A prayer for good weather, safety
Volunteers still needed for this year’s Whoop and Hollar Folk Festival
Hey there, time traveller!
This article was published 15/07/2016 (2391 days ago), so information in it may no longer be current.
This year’s Whoop and Hollar Folk Festival on Aug. 5 will go ahead rain or shine, but Angela Roulette has prayed for good weather and safety for all who attend.
“Angela Roulette and the Women of Mother Earth Network are part of the planning of the Whoop and Hollar Folk Festival. We are working together as one; walking together as one,” said Portage la Prairie Folk Festival Association founder and Whoop and Hollar Folk Festival co-organizer Linda Omichinski.
The fourth annual folk festival, put on by the Portage la Prairie Folk Festival Association, is being held on Omichinski and husband Mitchell’s 4.5-acre property (33165 PR 331) located near the Hoop and Holler bend in the Assiniboine River — about a 10-minute drive southeast of Portage la Prairie. The gate opens at 5 p.m., with about eight hours of music planned.
Roulette, who founded the Women of Mother Earth Network, and Omichinski recently walked to the four corners of the property and offered a gift of tobacco at each corner.
Roulette is also opening the folk festival at 6 p.m. with a blessing. This will be followed by a drum song and dancers.
“Our local Indigenous community is very large and has a lot to offer Portage la Prairie in the way of arts and culture, so including an Indigenous component at this year’s festival was a given,” said festival co-organizer and promoter Josh Wright. “Since 2016 also happens to be the Year of Reconciliation, it is only right to be walking in solidarity with our Indigenous brothers and sisters to build bridges and foster a peaceful, loving community, and ultimately a united province and country.”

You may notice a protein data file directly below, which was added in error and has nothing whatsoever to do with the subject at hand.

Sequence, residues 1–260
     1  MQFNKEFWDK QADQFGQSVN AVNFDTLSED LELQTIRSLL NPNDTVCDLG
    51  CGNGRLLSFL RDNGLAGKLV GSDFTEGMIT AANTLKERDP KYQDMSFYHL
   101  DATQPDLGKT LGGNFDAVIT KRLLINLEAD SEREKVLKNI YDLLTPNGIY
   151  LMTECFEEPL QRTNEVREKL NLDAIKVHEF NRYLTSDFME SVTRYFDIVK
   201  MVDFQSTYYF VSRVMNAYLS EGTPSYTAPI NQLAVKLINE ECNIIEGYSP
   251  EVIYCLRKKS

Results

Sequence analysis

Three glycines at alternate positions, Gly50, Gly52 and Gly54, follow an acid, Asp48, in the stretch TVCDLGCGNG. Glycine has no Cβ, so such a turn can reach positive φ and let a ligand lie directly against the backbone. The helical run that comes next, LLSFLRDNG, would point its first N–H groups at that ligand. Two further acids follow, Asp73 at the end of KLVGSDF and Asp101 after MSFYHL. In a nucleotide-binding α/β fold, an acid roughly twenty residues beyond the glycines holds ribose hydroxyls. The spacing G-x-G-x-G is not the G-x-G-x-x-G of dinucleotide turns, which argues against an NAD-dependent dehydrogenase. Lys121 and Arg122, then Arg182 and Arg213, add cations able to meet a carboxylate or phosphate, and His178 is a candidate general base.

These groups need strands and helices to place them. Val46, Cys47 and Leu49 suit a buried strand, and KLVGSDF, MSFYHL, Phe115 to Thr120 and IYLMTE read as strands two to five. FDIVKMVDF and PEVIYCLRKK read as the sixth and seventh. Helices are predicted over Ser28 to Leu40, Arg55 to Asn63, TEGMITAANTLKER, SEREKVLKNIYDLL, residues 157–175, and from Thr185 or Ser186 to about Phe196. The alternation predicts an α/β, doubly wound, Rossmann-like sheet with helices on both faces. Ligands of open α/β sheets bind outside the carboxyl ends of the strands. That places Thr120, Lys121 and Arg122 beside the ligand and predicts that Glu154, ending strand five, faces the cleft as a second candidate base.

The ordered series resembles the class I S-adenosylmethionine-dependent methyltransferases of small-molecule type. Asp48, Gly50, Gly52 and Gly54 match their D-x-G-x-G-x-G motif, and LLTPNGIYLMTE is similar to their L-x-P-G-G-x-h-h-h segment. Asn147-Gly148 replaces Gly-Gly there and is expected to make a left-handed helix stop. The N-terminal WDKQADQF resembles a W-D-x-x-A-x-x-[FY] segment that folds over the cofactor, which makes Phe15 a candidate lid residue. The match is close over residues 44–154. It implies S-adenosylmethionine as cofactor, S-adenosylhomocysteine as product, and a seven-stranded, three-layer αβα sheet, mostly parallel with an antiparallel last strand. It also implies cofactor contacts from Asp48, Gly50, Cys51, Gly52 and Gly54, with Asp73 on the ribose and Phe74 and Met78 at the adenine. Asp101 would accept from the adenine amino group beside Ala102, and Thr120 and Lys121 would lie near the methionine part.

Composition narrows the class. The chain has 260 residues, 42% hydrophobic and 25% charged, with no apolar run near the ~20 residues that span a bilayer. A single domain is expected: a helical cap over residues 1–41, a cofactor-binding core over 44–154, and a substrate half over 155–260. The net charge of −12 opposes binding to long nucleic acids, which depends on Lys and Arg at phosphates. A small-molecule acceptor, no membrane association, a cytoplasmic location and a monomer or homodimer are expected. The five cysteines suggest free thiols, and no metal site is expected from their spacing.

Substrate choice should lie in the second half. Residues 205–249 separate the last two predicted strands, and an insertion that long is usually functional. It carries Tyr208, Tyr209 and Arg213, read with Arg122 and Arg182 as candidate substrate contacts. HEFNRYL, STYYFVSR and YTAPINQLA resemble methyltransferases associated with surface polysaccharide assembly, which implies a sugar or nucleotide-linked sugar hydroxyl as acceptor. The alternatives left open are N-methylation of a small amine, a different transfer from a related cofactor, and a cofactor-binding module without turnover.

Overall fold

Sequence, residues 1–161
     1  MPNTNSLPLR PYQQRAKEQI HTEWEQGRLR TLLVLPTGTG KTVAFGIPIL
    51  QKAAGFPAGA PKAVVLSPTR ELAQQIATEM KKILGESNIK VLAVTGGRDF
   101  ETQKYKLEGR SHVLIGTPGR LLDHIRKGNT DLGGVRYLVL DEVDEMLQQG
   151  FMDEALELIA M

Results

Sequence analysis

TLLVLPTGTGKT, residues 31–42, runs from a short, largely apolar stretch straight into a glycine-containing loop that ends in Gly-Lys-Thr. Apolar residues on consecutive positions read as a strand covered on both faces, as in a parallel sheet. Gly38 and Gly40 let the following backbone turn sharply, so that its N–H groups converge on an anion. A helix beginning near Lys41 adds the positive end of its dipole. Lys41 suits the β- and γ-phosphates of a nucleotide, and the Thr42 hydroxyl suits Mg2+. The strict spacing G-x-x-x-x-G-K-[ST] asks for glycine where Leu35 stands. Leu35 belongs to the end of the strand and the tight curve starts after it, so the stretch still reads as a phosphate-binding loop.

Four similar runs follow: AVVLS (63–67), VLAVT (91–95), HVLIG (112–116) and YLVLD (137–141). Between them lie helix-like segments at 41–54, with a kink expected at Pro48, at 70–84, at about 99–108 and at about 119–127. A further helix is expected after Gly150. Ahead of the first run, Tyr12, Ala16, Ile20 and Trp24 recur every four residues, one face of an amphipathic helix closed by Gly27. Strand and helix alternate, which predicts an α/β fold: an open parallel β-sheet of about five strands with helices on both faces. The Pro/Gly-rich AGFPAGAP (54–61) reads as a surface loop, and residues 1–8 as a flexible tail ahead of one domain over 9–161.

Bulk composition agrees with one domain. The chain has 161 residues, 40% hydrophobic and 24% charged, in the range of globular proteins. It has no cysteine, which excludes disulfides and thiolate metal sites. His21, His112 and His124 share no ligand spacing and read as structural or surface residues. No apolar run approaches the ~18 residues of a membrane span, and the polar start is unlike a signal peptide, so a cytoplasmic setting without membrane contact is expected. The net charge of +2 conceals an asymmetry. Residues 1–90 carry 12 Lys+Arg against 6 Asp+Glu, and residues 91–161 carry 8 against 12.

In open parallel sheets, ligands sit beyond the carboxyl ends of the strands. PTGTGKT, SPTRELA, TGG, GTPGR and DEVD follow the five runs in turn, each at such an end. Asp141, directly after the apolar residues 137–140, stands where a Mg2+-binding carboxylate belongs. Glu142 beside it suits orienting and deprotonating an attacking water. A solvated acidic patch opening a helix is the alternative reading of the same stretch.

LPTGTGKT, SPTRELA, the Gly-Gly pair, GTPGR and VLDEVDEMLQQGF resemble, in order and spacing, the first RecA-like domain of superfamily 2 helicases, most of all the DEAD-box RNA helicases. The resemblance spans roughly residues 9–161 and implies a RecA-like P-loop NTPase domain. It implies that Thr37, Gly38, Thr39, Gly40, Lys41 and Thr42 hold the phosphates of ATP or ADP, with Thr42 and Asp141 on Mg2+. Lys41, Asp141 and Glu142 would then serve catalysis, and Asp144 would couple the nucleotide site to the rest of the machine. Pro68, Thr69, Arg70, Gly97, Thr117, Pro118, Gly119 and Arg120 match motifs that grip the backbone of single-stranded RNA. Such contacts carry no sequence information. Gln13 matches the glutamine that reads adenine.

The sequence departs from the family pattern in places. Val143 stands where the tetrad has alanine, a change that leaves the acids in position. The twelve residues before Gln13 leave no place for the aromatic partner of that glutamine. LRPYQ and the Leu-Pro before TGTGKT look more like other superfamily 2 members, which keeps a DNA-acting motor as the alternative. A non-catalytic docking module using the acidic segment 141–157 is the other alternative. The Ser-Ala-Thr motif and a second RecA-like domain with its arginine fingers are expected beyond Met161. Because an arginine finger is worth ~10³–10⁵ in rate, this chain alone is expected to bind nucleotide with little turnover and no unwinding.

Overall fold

Local Aboriginal singer-songwriter Lucien Spence and Eagle & Hawk from Winnipeg are among this year’s performers.
Roulette and other Women of Mother Earth Network members are also preparing and serving bannock and soup to about 130 performers and volunteers.
“We know how to serve up food,” Roulette said, citing the annual Christmas Day dinner she organizes in Portage la Prairie as an example of the group’s work.
“If you have bannock in your stomach, you’ll go a long way,” she said.
Roulette and Omichinski welcome the chance to work together to honour the Portage area’s Aboriginal roots.
“It’s been a natural flow of things,” Roulette said. She’s looking forward to attending the folk festival for the first time.
Portage la Prairie’s Francophone heritage will also be recognized through Winnipeg’s Kelly Bado, a bilingual singer-songwriter-interpreter who was born in Ivory Coast, and Ego Spank’s drummer Daniel Roy’s French-language performances, Omichinski said.
Volunteers are still needed for the folk festival. Omichinski said she hopes that residents of Headingley, St. Francois Xavier, Elie and other communities to the west of Winnipeg will consider making the short drive to her property for the event.
“It’s really not far,” she said.
She promises attendees a relaxing evening of live music, with the chance to explore the cottonwood grove and stroll through the labyrinth garden located on her property.
For information on the festival, to volunteer or order tickets, visit www.portagefolk.com
St. Vital community correspondent
Andrea Geary is a community correspondent for St. Vital and was once the community journalist for The Headliner.